[WGEN] The Dungeonator - A Procedural Dungeon Crawl Generator [v0.0.3 Preview Now Available!]

Discussion in 'WIP and Development Status' started by Timberjaw, Feb 26, 2011.

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    Will be watching this thread closely!
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    Ahh, that method was specifically put in for Dynmap, so that it could read without killing the server. It is also thread safe.
    --- merged: Mar 1, 2011 10:10 PM ---
    Anyway, I added a pull that extends getBlockTypeIdAt() to 2 set methods, dunno about thread safety though.
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    True, that's probably why it helped me, I could just scan and change a few blocks, not the whole thing like you. How large do you want your dungeons to be anyway? You want "Dungeon World" (That'd be amazing) or just dungeons for the normal map? Why not use the existing map, surely those prefabs can be added to generated chunks?
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    Dungeon World.

    Long-term, the dungeons will end up having vertical elements as well. For now, they're on 1 level, so I could conceivably just replace a layer of 5-6 blocks in each chunk and leave the rest untouched, but it feels like a sloppy method to me (I can foresee some issues related to mob spawning in particular, and it seems like a waste of space to be storing all that unused chunk data). When the generator branch is finished, these performance issues should disappear instantly. In the meantime, I'm abstracting my generation system to give identical results, but at reduced performance.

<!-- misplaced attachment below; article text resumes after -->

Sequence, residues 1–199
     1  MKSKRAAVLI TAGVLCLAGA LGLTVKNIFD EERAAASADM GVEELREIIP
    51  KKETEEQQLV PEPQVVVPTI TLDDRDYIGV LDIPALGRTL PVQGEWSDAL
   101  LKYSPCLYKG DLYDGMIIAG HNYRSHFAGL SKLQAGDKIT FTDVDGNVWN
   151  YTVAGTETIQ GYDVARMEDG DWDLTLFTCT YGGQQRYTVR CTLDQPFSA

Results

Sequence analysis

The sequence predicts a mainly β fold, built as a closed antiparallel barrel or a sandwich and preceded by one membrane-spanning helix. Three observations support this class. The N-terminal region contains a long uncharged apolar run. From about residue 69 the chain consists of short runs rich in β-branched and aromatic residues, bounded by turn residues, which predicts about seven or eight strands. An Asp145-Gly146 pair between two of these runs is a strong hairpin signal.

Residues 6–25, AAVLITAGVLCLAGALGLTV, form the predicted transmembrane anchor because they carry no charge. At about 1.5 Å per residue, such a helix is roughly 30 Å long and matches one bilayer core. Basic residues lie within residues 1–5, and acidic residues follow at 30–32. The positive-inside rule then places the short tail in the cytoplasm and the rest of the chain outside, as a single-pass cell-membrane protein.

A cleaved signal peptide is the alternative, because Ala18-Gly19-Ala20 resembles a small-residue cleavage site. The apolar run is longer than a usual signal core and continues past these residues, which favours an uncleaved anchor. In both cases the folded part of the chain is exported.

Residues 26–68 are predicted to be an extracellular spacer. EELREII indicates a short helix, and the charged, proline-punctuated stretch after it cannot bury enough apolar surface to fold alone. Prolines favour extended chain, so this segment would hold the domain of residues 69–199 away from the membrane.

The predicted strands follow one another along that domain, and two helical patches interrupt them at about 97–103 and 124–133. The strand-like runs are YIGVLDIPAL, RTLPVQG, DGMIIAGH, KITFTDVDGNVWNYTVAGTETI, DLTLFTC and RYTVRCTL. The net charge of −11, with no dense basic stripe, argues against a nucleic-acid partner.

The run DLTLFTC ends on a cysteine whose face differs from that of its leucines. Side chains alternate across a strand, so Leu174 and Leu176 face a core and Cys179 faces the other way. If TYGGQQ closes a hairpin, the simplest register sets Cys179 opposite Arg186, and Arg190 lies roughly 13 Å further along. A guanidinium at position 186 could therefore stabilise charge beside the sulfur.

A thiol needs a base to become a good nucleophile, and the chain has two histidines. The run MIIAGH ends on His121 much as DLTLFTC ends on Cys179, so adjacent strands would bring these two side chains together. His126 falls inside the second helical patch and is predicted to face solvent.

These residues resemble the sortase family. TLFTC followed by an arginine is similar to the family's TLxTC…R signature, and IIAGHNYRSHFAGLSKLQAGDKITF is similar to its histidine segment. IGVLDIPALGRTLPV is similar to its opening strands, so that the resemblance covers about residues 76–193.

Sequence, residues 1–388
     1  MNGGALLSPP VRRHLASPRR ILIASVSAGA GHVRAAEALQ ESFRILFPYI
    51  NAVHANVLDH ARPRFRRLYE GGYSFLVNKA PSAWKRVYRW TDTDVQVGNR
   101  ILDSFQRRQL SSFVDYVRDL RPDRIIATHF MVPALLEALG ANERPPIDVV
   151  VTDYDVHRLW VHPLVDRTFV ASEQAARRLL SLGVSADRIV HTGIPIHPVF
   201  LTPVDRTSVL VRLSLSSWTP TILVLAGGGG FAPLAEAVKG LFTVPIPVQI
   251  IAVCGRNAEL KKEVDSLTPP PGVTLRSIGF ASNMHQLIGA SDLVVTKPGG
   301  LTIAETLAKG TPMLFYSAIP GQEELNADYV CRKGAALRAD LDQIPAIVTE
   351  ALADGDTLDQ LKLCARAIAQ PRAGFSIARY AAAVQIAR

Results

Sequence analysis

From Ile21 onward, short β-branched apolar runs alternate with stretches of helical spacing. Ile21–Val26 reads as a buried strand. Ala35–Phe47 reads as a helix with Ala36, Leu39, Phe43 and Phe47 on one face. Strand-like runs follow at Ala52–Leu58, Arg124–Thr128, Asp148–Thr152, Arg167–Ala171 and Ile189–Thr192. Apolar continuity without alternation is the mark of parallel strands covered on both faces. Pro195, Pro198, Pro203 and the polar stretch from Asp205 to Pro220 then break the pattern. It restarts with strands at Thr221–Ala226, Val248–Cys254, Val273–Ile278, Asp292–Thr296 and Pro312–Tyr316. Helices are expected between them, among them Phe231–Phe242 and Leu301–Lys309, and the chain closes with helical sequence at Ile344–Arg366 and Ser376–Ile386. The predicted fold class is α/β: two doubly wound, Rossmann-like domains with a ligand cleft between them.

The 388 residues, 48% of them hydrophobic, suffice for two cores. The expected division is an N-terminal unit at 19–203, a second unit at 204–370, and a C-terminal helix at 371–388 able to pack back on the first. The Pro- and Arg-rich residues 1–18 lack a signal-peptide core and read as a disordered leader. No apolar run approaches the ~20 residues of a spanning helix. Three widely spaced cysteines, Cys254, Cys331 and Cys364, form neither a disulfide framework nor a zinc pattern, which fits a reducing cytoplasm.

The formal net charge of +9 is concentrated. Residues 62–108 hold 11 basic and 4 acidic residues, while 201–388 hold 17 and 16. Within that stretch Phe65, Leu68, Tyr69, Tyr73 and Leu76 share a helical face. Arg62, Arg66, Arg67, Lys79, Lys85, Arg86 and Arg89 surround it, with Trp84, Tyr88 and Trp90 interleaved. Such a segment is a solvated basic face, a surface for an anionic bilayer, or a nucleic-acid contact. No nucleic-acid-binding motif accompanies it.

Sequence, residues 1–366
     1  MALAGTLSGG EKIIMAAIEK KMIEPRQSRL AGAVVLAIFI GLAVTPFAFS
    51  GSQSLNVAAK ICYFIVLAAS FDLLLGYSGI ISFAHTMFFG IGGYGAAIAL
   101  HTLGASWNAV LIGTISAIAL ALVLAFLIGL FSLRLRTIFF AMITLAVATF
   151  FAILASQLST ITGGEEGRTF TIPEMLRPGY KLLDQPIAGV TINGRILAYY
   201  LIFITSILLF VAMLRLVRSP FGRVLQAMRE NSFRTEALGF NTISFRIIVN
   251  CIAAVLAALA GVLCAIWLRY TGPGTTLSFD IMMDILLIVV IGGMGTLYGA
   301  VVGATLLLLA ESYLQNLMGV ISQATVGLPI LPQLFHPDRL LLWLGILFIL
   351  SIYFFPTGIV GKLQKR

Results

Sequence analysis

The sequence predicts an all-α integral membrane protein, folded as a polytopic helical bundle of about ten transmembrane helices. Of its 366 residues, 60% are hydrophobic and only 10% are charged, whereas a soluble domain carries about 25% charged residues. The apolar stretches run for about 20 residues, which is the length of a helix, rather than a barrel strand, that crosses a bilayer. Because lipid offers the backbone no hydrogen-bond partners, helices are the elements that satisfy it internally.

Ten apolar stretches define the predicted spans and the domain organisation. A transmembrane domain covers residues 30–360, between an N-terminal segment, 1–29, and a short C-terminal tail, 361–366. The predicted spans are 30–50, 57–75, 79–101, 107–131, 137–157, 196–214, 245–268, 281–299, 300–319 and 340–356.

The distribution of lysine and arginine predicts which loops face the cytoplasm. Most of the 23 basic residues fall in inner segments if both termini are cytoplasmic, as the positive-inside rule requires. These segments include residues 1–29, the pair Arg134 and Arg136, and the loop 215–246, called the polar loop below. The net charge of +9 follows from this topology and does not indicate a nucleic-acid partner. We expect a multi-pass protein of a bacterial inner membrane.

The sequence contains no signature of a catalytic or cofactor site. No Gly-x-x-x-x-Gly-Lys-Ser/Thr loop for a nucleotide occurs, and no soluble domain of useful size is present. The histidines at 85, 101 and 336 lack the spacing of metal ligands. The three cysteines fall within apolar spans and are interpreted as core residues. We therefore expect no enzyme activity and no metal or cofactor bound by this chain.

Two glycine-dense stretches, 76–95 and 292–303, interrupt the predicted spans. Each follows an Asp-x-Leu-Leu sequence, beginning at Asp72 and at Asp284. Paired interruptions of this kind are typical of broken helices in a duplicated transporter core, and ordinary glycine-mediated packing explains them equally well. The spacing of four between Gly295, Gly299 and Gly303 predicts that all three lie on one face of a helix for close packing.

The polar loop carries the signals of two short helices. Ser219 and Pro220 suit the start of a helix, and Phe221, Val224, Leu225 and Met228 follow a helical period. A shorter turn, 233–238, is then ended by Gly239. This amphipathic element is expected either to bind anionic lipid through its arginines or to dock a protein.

--- merged: Mar 2, 2011 6:42 AM ---
    What effect (if any) does that have on the cache for existing chunk instances referring to the same chunk? Won't their cache suddenly be incorrect?
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    I don't think it's really a cache exactly. It is like a block object reference store. When you access a block for the first time, a CraftBlock is created.

    This CraftBlock acts as interface to the actual block. It stores things like the x/y/z of the block for fast readback and also has references to the CraftChunk. This means that you don't need to keep looking up the chunk every time.
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    Just realized: getting the block type id at a position without hitting the block cache is useful to me even if I need to modify blocks, because then I can skip AIR blocks (currently I don't bother, because with getBlockAt() you get the cache hit regardless of whether you manipulate it).
    --- merged: Mar 2, 2011 4:09 PM ---
    Something seems to have changed with the generation/chunk load process in recent builds. I'm getting some pretty wild results.

    --- merged: Mar 2, 2011 4:14 PM ---
    Bizarrely, this appears to be related to switching from bottom-up to top-down. I have no idea why that would make a difference. Changing for(y = 0; y < 128; y++) to for(y = 127; y >= 0; y--) goes from nice flatland to apocalyptic landscape.
    --- merged: Mar 2, 2011 4:55 PM ---
    Took care of the top-down issue. Turned out to be related to some bad world.getBlockTypeIdAt coordinates.